In the first of our new ten article series, we kick things off with one of the most common defects around â€“ found in almost every home in the country to a varying degree â€“ condensation.
Condensation itself is extremely common. You see it all the time; on your windscreen, on the insides of your windows on a cool day, beading on the surface of your cool glass of something refreshing. Technically speaking, it occurs when vapour is cooled to its saturation limit, resulting in transformation from a gaseous to a liquid form.
Winter is the worst time for this, with cool walls and freezing external temperatures in stark contrast to a warm, moist internal environment. In such circumstances, the process usually follows these steps:
- Cold air enters the building
- The air is warmed for the comfort of the occupants
- The warm air takes up moisture
- The warm, moist air comes into contact with cold surfaces, walls, windows, etc. and is cooled below its Dew Point
- Condensation occurs as the excess moisture is released
The problem comes when condensation forms on elements of the internal structure, Â with the moisture acting to speed deterioration and directly cause myriad issues â€“ from fungal decay in floor timbers, to black-spot mould on walls and ceilings.
Modern homes are built to be extremely air tight, in accordance with Part L of the Building Regulations. The very worst air tightness results permissible are now 10 m3/(m2.hr)@50Pa â€“ which, suffice to say, is extremely tight. They are also typically built with strong trickle and purge ventilation systems, which help to moderate the internal humidity and avoid condensation issues.
Older properties are not so lucky, however, and buildings with solid, un-insulated walls are particularly susceptible to issues.
A level of condensation in such buildings is almost inevitable, but it is possible to manage this and avoid the defects that stem from it.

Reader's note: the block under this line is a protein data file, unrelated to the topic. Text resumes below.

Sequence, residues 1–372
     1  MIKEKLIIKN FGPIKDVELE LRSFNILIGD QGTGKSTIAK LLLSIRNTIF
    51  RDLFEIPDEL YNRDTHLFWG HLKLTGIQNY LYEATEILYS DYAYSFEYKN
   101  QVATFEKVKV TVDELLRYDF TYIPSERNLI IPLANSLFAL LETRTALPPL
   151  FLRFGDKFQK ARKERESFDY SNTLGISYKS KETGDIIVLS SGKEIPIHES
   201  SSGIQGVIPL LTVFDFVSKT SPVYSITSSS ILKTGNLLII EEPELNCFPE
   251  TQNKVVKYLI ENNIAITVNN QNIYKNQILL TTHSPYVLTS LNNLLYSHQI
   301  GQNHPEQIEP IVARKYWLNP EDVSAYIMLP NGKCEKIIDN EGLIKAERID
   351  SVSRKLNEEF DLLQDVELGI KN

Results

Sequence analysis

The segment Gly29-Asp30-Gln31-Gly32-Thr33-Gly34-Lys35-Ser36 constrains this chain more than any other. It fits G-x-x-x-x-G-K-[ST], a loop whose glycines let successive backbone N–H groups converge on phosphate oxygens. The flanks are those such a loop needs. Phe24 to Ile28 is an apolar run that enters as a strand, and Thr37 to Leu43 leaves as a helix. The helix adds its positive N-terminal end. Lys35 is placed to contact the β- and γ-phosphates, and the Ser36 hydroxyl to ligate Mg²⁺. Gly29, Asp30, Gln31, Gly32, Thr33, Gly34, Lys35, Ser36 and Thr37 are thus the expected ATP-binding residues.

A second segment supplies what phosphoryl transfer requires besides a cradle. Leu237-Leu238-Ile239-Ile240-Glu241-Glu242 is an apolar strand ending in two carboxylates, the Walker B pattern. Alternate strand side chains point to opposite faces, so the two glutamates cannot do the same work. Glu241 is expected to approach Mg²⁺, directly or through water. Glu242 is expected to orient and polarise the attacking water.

As is the advice of the Property Care Association, serious condensation should be assessed by a specialist surveyor. Lighter issues can be helped by a variety of tactics though, which should seek to address both the moisture content in the air and the presence of cold surfaces.
- Try to maintain a modest increase in background heat, as opposed to intermittent heating, as this will increase the ambient temperature of the buildingâ€™s fabric.
- Consider â€˜purgeâ€™ ventilation in areas which produce the most airborne moisture â€“ like bathrooms and the kitchen. This might take the form of a small mechanical extractor fan, which these days can be bought with a humidistat that will activate the fan based on real-time humidity readings.
- You might consider external, internal or cavity wall insulation to help improve the thermal dynamics of the building. Schemes like the Governmentâ€™s Energy Companies Obligation exist to improve the insulation of the UKâ€™s housing stock, with a particular focus on older properties. Insulation under the scheme is free and there are numerous providers all around the country.
- Consider investing in a dehumidifier. This is a device that draws in the warm air, cools it down to encourage condensation and captures the water in a reservoir.
- If the problem persists, consider a positive pressure condensation control unit. It wonâ€™t be a cheap solution, in fact it would set you back several hundred pounds, but they can be extremely effective. A mechanical installation placed in your dry, well ventilated loft space will mix that air with the moist air of your home, changing the houseâ€™s air content around once every two hours or so. The moist air is therefore removed by natural leakage, reducing the potential for condensation build up.
Surveyors come across condensation issues almost every week. If youâ€™re concerned about a mould formation, damp patch or any other symptom of dampness â€“ donâ€™t hesitate to speak to your local professional. They can guide you through the sensible steps to take and give advice tailored to your particular issue.
Watch out for article 2 in next monthâ€™s edition, when weâ€™ll cover â€˜Water Ingressâ€™ â€“ where it can get in and what to do about it when it does.
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